New York Jets owner, and former US Ambassador to the UK, Woody Johnson was one of the first confirmed bidders in the running for Chelsea Football Club, but he did not make it past the first round of bidding after his offer was not shortlisted by Raine Group for the second (and final) round.
Johnson, who purchased the Jets for a then near-record $635m in 2000 — Chelsea would go for barely a third of that three years later to Abramovich, for perspective — was evidently not willing to go as high as it had become necessary to stay in the running, as he revealed at the NFL Owners Meeting over the weekend.
“Not getting Chelsea is disappointing, but the numbers have gotten so enormous that on one hand I’m disappointed and on the other hand, financially, I think it’s going to be a huge challenge.”
Considering that only 6 of the 32 NFL franchises have a worse winning percentage than the Jets since Johnson bought the team — and it’s even worse for them if you look at more recent timeframes — it’s probably for the best that he had already dropped out, even if he does understand one important concept: London is Blue.
“My interest in Chelsea is I’m a fan of Chelsea. When I was over there, I couldn’t be a fan of a particular team. I had to be diplomatic. I had to like all the teams, but we were Chelsea fans. It’s London’s team. The concept of New York and London, I thought was one that we could do pretty well with that. I thought it would be another interesting endeavor for us.”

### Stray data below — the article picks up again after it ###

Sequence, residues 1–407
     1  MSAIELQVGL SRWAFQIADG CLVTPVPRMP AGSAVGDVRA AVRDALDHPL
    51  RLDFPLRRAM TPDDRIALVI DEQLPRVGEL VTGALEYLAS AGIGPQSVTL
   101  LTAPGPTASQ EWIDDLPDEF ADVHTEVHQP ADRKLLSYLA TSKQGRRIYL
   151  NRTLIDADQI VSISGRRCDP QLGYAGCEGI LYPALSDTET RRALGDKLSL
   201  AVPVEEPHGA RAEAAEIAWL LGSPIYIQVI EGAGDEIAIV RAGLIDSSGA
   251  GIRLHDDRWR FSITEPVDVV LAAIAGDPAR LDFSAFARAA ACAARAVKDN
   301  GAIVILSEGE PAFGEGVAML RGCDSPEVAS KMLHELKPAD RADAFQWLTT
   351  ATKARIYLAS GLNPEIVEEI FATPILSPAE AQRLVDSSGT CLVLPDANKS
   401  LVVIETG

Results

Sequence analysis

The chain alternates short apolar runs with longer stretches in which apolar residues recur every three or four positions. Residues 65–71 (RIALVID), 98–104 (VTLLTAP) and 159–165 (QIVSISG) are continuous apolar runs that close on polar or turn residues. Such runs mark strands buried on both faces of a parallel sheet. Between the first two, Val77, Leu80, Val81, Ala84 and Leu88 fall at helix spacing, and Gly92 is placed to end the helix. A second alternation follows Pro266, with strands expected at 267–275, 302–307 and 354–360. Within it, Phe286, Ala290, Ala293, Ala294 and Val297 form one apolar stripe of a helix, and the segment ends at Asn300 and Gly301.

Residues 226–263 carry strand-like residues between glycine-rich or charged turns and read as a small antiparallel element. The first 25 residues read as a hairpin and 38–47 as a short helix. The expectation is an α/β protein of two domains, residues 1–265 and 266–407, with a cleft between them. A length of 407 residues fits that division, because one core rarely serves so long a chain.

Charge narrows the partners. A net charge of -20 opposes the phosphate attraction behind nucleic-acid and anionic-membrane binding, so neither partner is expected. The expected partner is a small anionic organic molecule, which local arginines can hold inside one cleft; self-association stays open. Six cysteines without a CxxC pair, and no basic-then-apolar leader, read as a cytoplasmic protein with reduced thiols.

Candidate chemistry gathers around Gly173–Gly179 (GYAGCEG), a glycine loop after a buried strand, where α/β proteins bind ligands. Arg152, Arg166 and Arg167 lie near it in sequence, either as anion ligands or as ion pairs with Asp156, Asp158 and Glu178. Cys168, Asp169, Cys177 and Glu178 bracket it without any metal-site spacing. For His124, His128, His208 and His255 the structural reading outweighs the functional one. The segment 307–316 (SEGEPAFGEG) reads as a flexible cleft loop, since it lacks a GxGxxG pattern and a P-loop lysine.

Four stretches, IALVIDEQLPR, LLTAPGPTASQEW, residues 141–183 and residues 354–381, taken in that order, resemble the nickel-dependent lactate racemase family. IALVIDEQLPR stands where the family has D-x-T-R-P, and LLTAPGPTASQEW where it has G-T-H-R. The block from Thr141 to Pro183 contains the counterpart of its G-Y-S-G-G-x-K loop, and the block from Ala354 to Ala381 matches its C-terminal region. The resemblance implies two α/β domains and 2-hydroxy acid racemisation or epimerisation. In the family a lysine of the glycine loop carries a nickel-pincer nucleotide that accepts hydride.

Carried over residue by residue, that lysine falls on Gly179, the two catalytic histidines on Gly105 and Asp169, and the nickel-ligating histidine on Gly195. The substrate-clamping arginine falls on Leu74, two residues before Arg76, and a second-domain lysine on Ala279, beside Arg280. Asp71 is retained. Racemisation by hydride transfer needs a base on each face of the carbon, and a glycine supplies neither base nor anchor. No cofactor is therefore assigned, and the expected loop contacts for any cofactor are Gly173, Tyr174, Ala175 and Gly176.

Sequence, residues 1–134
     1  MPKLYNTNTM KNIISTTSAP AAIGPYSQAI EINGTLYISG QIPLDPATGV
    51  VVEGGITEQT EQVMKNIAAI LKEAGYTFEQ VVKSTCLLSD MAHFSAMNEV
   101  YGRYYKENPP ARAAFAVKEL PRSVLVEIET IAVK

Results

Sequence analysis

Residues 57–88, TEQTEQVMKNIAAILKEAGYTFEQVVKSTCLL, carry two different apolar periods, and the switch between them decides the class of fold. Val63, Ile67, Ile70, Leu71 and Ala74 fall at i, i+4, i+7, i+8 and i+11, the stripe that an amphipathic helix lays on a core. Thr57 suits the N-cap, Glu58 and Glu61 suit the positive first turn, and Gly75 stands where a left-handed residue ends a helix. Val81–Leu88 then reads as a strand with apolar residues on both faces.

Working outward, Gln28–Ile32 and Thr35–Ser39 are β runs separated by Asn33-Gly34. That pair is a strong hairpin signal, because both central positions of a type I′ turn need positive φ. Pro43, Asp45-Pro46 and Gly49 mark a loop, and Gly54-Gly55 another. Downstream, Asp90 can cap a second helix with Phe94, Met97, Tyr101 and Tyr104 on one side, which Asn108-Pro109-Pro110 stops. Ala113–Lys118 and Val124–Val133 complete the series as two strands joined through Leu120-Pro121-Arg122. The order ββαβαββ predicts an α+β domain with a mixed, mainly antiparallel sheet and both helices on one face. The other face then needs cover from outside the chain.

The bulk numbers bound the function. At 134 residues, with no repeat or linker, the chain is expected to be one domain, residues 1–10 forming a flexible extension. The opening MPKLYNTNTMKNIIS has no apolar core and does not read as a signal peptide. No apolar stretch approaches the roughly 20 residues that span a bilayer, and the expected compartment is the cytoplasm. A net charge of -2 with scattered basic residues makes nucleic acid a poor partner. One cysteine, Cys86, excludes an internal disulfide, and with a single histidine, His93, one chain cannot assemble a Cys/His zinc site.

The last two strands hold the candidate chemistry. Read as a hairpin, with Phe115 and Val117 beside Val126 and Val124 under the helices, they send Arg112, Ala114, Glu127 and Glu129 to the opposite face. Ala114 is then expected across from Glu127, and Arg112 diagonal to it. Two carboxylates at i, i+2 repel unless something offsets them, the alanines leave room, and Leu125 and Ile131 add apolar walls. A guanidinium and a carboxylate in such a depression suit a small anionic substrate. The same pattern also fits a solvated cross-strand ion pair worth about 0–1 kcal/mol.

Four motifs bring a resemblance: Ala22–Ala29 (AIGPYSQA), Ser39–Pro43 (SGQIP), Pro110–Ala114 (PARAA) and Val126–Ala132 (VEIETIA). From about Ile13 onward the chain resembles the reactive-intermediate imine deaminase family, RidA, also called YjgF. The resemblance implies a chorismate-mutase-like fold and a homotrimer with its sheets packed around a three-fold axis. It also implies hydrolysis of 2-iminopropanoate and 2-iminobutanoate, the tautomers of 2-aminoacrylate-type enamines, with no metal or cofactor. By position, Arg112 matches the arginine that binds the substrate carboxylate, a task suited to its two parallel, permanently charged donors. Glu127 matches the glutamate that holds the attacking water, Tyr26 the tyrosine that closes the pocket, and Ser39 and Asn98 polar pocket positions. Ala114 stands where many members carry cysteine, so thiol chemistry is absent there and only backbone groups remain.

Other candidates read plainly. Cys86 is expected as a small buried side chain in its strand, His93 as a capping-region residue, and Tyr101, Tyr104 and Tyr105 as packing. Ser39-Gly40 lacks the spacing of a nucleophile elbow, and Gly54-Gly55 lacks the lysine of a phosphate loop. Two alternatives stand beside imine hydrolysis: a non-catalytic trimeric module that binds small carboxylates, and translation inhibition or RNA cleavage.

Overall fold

-Woody Johnson; source: ESPN
For any new owner to “do pretty well” at Chelsea, to keep us competitive at the very top level of the game, they’ll have to understand and be willing to spend on not only the sporting side of the operation, but also take care of the stadium “boondoggle”. Thus the supposed requirement from Raine to earmark at least £1b from the bid for those efforts. That was a commitment one step too far even for Abramovich — even before his visa situation came to the fore and stopped things, he was already looking for outside investment — but perhaps by rolling that price into the selling price of the club, we can attenuate the financial hit of redeveloping Stamford Bridge.